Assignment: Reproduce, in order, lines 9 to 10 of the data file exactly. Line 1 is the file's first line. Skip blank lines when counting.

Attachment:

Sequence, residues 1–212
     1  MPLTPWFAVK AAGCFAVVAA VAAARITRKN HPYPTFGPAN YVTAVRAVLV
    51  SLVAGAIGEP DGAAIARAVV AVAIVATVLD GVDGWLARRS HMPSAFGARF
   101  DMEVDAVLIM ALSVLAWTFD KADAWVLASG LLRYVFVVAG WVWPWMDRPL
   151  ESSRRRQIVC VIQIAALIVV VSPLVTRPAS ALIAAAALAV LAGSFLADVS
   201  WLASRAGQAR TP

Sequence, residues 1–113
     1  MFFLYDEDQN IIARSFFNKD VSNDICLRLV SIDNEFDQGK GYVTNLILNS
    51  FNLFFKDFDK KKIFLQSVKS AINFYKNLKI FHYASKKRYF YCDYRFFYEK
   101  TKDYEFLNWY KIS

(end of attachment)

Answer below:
    51  FNLFFKDFDK KKIFLQSVKS AINFYKNLKI FHYASKKRYF YCDYRFFYEK
   101  TKDYEFLNWY KIS